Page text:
Engineering factory to close down putting more than 500 jobs at risk

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Engineering firm GKN Automotive is set to axe a plant in Birmingham, putting 519 jobs at risk.

Staff at the plant in Erdington were told today that the increasingly competitive global market means the site is no longer viable

GKN is one of the UK’s oldest engineering firms, and has owned the plant since the 1960s.

It was sold to investment firm Melrose Industries two years ago for £8.1 billion.

The firm’s other sites around the UK are not affected, its chief said in a letter to staff today.

Trade union Unite said it was seeking urgent talks over the future of the site, after it was told it would close in 18 months’ time.

A letter from GKN Automotive chief Liam Butterworth, seen by Birmingham Live, laid out the proposal to close the site.

It read: “GKN Automotive has taken the difficult decision to propose the closure of our assembly site at Chester Road, Birmingham.

“Sadly, an increasingly competitive global market means that the site is no longer viable. This is despite significant effort and investment over the past 10 years to reduce the site’s high operating costs and make it competitive.

“Supporting our people is our first priority as we consult on this proposal. Employees at the site are being notified today and support is being made available to them throughout this process. We will then commence a period of consultation with the union and employee representatives in the coming weeks.

We expect this proposal to impact 519 employees. The proposal envisages that GKN Automotive will carefully wind down the site over 18 months to ensure an orderly and stable transition of operations and give those affected time to find new work. The proposal is to transfer production to other sites in our network.”

He said the announcement would not affect other GKN Automotive facilities in the UK.

The firm’s other sites are in Minworth and Sutton Coldfield, and it also has offices in Birmingham, London and Uxbridge and an advanced engineering centre in Abingdon, Oxfordshire.

The 2018 takeover was controversial, with Erdington Labour MP Jack Dromey and Unite calling on the Government to block it.

Mr Dromey said today: “Despite all the warm words by Melrose in 2018 to protect the future prosperity of GKN and its British workforce, the cold reality three years on is that one of GKN’s finest plants now faces closure. Melrose promised a bright future to GKN’s employees – a promise they have now broken.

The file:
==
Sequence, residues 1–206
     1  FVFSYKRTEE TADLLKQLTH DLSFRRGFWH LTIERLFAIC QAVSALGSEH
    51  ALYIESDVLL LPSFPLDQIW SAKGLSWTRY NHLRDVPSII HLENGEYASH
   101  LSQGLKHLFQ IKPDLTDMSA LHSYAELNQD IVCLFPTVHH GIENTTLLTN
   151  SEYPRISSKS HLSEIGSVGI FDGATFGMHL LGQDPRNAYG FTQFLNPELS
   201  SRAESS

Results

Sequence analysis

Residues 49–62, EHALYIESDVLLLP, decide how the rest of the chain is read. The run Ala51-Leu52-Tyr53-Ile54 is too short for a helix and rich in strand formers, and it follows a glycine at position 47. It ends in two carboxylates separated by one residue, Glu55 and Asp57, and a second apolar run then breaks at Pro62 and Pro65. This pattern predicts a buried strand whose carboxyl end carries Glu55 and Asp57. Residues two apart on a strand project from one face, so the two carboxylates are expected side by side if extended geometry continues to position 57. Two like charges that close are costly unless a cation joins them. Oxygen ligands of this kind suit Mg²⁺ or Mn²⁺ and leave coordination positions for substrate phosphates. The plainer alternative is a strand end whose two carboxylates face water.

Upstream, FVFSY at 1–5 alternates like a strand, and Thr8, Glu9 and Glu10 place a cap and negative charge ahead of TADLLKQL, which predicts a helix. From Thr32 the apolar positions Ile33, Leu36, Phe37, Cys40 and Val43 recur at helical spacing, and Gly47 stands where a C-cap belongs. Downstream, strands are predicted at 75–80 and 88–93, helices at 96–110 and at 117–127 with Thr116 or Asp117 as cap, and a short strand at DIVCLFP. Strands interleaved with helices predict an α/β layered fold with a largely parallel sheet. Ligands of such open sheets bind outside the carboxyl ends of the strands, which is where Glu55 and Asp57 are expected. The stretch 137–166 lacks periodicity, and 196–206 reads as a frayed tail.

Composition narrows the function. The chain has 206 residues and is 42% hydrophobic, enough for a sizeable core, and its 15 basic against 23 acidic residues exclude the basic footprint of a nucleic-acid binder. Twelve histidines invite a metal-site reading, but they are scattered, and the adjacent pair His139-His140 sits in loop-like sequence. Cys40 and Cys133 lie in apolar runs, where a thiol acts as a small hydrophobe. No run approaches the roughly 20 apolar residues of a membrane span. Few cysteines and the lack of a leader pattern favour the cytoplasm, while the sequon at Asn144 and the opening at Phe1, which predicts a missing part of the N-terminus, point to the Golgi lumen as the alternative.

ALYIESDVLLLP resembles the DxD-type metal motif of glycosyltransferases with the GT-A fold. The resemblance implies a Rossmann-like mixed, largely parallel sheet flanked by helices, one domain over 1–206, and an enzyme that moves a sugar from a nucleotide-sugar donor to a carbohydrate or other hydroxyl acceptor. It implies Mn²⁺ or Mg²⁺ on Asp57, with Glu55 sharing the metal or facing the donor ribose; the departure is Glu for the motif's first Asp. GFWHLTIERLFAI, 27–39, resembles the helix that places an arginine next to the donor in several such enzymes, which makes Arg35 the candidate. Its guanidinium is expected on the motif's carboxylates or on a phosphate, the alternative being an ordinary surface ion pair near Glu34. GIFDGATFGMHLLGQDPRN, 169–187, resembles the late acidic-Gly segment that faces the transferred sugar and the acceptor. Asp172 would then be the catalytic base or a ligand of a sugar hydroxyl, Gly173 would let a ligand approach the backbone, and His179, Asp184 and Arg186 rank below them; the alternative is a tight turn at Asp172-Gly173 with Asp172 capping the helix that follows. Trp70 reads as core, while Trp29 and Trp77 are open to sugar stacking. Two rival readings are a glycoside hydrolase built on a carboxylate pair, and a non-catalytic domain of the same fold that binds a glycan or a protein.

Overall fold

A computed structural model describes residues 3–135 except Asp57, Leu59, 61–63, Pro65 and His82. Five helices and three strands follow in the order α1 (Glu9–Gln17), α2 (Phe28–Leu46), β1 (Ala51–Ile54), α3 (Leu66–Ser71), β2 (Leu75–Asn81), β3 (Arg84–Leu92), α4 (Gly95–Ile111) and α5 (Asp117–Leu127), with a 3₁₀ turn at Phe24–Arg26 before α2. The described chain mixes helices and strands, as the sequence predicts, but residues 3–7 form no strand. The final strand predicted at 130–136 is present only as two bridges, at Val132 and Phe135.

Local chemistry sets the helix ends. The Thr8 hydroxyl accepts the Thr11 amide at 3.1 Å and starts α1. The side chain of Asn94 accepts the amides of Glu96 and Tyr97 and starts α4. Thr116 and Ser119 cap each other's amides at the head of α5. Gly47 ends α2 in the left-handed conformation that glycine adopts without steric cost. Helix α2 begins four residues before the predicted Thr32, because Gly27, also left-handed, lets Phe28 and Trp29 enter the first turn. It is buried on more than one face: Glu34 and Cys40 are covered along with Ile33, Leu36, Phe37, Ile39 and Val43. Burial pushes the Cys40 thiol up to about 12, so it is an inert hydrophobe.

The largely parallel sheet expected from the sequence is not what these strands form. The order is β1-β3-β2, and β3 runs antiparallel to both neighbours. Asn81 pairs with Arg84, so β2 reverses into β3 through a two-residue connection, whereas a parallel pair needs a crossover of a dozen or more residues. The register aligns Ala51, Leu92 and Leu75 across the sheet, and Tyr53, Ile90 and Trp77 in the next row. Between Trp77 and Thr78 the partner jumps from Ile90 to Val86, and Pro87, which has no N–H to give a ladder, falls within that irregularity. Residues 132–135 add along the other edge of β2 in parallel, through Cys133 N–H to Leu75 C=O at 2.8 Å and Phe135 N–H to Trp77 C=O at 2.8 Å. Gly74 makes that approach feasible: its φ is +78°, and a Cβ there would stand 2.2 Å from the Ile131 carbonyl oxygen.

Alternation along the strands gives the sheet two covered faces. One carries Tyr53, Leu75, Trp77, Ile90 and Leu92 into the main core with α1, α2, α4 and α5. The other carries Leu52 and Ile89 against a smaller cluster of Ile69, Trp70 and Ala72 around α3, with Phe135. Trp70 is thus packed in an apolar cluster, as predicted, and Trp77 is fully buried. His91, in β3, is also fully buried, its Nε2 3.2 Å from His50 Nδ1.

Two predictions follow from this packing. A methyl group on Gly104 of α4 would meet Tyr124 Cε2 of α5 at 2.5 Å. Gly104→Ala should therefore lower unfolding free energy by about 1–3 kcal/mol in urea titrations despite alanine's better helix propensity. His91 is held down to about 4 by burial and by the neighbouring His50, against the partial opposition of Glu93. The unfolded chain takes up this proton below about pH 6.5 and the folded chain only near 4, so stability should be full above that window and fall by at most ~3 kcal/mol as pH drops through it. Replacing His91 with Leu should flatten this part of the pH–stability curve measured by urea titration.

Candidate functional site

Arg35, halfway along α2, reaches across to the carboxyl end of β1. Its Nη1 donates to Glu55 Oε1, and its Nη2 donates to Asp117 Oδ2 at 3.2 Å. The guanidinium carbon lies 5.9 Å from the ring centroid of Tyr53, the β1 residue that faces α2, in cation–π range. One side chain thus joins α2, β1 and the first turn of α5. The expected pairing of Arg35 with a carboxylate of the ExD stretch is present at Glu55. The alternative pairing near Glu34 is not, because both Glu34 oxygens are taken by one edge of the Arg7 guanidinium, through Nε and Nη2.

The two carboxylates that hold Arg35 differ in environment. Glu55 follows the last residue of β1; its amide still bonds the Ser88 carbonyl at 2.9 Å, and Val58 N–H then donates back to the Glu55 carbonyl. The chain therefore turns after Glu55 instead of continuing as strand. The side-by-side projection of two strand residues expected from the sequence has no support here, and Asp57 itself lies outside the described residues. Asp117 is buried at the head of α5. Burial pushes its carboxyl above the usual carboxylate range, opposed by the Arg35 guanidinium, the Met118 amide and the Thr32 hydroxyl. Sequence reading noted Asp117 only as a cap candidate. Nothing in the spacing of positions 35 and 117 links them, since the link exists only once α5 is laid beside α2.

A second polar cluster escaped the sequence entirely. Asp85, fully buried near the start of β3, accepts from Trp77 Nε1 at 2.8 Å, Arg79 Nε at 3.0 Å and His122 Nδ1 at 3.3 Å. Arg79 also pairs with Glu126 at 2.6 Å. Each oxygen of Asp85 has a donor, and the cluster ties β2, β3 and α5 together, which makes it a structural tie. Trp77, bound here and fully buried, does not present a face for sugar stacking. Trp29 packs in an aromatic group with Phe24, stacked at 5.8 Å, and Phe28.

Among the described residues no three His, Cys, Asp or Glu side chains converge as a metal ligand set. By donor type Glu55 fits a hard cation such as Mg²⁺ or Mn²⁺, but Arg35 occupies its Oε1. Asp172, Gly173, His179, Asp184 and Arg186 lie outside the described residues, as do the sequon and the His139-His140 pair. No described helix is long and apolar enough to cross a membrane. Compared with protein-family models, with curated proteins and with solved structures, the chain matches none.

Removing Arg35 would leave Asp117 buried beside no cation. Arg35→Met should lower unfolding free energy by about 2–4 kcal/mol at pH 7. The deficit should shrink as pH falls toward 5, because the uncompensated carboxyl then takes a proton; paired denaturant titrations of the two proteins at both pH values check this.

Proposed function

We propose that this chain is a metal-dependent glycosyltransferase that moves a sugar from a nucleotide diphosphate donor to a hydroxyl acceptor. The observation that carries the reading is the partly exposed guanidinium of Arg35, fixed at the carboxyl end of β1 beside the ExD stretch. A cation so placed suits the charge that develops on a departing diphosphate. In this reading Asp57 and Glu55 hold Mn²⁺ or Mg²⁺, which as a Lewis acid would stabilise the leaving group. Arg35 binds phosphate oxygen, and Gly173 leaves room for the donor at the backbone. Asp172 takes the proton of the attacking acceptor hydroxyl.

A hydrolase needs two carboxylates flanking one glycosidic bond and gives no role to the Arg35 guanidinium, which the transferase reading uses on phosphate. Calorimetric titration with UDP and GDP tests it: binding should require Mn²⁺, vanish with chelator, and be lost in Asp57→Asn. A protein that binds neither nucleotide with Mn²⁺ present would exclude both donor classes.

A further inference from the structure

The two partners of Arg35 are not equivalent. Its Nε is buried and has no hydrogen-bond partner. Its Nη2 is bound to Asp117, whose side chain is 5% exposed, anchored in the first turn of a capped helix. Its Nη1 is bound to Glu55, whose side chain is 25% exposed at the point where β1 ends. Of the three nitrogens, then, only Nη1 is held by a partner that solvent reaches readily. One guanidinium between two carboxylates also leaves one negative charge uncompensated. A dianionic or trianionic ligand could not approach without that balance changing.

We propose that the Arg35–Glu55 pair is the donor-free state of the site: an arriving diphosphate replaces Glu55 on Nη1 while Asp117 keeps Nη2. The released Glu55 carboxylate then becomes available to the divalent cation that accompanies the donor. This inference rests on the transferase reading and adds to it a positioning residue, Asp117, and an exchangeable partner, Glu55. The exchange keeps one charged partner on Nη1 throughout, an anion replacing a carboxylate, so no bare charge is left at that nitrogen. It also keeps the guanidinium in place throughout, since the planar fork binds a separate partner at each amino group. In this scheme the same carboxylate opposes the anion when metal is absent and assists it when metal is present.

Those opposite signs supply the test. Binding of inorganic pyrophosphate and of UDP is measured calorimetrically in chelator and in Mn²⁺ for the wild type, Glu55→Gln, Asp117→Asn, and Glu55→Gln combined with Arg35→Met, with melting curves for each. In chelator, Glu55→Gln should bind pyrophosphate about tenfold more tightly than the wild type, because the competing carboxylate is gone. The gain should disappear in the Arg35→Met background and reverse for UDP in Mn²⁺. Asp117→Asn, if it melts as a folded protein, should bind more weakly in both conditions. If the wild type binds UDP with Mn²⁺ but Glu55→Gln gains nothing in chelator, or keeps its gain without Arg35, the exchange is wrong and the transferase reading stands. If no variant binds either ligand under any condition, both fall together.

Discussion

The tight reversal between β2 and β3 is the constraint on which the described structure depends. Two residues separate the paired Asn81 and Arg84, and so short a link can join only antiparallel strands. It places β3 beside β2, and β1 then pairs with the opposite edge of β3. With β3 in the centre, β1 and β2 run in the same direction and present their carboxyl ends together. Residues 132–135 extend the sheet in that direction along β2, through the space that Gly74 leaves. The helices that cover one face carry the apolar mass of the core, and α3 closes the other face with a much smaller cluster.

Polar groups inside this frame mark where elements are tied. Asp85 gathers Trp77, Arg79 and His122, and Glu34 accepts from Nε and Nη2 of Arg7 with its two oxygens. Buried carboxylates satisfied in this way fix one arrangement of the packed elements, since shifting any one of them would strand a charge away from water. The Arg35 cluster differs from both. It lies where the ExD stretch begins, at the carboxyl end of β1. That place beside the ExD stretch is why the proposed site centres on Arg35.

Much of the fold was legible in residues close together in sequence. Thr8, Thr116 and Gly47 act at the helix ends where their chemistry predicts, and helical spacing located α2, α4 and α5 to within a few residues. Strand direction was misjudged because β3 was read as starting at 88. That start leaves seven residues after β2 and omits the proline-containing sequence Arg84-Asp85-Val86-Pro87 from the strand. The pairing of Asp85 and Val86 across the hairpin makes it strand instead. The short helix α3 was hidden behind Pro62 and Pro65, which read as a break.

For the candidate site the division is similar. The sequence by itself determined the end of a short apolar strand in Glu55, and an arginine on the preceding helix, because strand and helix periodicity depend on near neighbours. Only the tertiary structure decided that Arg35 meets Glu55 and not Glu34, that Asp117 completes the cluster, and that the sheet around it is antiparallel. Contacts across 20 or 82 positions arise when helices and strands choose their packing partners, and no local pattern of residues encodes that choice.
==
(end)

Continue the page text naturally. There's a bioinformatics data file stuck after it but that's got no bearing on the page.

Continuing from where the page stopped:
“This announcement is completely unexpected by employees at GKN. Working together with their trade union, Unite, I will be seeking an urgent meeting with the company.

“Government Ministers also have a responsibility to act after promises they made at the time of the hostile takeover.

“The then-Prime Minister, Theresa May, promised me on the floor of the House of Commons that the Government would always act in the UK national interest. We now face the potential of British workers seeing their jobs move abroad to one of GKN’s many continental plants.

“If this Government means what is says when it aims to level up our country, this must start here and now with an urgent solution being found to keep the plant open.”

A spokesperson from GKN Automotive said: “Proposing this closure is a difficult decision which has been made despite significant effort and investment over the past 10 years to reduce the high operating costs at the Birmingham assembly site.

“Sadly, an increasingly competitive global market means that the site is no longer viable. Supporting our people is our priority as we consult on our proposals.”

Unite said it has been told the factory will close in 18 months time.

National officer Des Quinn said: “The workforce have been left shocked and angry to learn that management is looking to close this highly viable site.

“Unite is now seeking urgent meetings with senior management at GKN to understand the business case and the logic behind this decision.

“Unite is committed to working with GKN to find a feasible solution, which will keep the factory open and preserve the jobs of this highly skilled workforce.”